Before summer fades, you might see a
self-driving car on Washington roads, thanks to Gov. Jay Inslee's approval today.
Inslee's executive order allows car companies to gain permission from the state to test-drive cars that may or may not have a person behind the wheel. Inslee noted that human error causes 94% of crashes, and autonomous vehicles reduce that risk.
"I just have huge confidence in the safety aspects of this," Inslee said in a Seattle Times story, noting that automated guidance doesn't drive drunk or distracted.
Similar pilot programs are underway in other states, including Arizona, where Uber is testing autonomous vehicles.
In most cases, test vehicles carry a passenger who can take over and drive when necessary.
Yet when you hear the term "self-driving car," you likely envision a vehicle that transports people who aren't necessarily even watching the road – perhaps they're reading, talking with someone via FaceTime, or even taking a nap. Proponents talk of cars that drop their passengers off in the city, then circle the area autonomously to seek and secure a parking spot.
Tesla CEO Elon Musk says his new Model 3, coming in July, will have full autopilot. Before the end of this year he plans to send one from California to New York with no controls touched any time during the trip.
While some welcome self-driving cars, another segment of travelers sees trouble. A recent Washington Post article that appeared in The Bend Bulletin quotes a trucker who said, "Anything that's run by a computer is going to get messed up.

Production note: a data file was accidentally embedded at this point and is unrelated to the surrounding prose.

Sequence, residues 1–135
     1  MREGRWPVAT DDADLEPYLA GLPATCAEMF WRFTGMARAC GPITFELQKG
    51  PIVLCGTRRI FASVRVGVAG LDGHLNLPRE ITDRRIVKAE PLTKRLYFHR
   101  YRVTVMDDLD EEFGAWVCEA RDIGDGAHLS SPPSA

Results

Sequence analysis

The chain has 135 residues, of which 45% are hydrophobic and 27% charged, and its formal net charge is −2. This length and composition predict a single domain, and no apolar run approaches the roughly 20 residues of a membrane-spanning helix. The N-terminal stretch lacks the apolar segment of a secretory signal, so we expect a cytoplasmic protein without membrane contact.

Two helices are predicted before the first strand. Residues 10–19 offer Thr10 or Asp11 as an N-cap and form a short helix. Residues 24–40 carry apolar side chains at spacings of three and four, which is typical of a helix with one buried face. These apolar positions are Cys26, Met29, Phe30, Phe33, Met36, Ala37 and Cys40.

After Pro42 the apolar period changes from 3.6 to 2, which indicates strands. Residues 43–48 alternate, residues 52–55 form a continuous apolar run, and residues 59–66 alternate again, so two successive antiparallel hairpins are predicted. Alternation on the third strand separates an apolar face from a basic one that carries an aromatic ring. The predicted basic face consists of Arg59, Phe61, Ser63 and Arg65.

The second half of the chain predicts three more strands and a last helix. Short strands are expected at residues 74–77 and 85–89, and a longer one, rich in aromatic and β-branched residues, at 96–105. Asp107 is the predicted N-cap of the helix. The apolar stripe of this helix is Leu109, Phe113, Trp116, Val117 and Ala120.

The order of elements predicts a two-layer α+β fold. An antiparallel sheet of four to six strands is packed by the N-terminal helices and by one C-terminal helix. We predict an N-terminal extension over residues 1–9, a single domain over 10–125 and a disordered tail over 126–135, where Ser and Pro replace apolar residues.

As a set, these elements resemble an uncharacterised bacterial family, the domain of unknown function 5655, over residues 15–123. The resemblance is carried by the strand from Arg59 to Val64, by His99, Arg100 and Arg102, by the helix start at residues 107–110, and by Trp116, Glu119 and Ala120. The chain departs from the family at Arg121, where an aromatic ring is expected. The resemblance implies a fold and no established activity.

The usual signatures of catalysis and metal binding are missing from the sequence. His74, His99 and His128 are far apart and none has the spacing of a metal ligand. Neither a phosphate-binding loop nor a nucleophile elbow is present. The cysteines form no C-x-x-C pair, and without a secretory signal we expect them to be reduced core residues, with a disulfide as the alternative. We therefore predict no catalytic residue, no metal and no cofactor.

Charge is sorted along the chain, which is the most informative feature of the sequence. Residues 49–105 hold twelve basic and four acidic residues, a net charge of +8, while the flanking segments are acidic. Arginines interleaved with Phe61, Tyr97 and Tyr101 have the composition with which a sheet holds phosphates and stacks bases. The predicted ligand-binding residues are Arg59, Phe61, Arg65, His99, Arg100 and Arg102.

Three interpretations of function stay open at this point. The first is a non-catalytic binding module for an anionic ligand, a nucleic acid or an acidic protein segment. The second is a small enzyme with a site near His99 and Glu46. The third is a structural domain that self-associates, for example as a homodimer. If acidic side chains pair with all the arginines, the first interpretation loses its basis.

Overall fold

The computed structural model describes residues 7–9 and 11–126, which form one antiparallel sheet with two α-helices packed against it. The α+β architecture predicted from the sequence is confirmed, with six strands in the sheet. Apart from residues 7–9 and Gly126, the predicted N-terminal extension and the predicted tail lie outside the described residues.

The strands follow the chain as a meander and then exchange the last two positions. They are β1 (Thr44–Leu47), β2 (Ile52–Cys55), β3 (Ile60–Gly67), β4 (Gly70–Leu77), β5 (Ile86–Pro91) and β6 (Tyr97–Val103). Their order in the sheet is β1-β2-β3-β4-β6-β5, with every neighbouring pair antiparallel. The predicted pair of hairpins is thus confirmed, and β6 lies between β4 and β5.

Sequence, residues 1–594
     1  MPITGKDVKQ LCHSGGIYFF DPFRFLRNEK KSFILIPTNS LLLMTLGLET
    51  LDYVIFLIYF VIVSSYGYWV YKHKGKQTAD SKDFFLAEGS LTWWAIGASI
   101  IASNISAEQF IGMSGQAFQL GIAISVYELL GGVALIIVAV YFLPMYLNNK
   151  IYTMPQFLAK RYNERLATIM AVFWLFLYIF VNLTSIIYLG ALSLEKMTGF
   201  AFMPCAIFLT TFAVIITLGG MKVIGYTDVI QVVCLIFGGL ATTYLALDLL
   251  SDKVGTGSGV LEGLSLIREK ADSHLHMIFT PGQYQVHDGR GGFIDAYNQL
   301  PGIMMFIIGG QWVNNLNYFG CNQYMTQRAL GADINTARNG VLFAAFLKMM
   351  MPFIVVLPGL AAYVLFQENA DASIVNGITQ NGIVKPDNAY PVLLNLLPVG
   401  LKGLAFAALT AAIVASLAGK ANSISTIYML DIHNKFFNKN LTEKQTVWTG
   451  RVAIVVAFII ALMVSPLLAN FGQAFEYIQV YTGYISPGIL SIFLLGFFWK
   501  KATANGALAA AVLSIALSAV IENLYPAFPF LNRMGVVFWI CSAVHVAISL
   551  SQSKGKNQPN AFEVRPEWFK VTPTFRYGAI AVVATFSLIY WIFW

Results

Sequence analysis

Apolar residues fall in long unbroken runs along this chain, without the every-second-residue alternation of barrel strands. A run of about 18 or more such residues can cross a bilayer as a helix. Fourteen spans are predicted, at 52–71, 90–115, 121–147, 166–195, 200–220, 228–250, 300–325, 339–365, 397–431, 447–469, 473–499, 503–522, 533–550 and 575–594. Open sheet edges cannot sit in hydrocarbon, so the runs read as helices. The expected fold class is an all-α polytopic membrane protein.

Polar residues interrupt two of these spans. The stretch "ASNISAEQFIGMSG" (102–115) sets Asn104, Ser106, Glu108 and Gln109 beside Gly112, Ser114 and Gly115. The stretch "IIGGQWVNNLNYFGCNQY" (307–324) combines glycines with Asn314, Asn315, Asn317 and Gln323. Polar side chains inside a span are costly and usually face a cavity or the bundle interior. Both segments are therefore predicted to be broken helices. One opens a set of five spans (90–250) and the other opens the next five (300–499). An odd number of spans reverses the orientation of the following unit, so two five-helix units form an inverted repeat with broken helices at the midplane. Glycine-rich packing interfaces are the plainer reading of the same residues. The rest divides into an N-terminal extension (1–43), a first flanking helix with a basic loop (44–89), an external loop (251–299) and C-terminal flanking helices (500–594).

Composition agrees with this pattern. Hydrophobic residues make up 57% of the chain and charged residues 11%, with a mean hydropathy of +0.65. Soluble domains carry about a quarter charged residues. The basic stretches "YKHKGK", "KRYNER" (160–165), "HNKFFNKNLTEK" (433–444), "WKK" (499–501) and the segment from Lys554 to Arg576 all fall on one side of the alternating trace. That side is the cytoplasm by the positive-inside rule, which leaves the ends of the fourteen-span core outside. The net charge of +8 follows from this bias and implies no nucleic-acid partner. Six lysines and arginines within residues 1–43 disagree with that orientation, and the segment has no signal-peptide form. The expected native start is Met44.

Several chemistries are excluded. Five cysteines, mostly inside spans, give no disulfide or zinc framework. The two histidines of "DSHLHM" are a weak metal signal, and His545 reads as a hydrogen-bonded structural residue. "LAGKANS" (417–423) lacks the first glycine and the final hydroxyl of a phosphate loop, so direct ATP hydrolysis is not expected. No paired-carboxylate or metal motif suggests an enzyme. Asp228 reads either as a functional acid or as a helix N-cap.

They don't have no bulletproof software."
My son Sean, who works in the tech industry, says the "software is flawed" argument misses the point. "To be successful, the software just needs to be less flawed than a human driver," he said. "We're already there."
Sean went on to list examples of highly reliable software. We see it in the space program, aircraft autopilot, systems that run banks and financial institutions, and safety devices on cars. We trust those things every day, so it makes sense that autonomous cars could be next.
I can't see myself giving up the steering wheel, as long as I'm capable. I'm part of a generation that enjoys driving.
But there are younger generations who apparently think differently, who look at driving a car as a hassle and a waste of time. For them, autonomous cars offer a benefit that conjures up the Greyhound ads of my youth: "Leave the driving to us."